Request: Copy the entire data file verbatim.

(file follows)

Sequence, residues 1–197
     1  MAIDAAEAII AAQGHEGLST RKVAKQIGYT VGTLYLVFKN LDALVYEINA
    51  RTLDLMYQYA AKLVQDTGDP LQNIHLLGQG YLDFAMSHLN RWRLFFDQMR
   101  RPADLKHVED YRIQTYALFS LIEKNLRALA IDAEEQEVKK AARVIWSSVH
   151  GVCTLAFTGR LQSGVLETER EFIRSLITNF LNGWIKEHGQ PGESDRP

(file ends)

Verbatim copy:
Sequence, residues 1–197
     1  MAIDAAEAII AAQGHEGLST RKVAKQIGYT VGTLYLVFKN LDALVYEINA
    51  RTLDLMYQYA AKLVQDTGDP LQNIHLLGQG YLDFAMSHLN RWRLFFDQMR
   101  RPADLKHVED YRIQTYALFS LIEKNLRALA IDAEEQEVKK AARVIWSSVH
   151  GVCTLAFTGR LQSGVLETER EFIRSLITNF LNGWIKEHGQ PGESDRP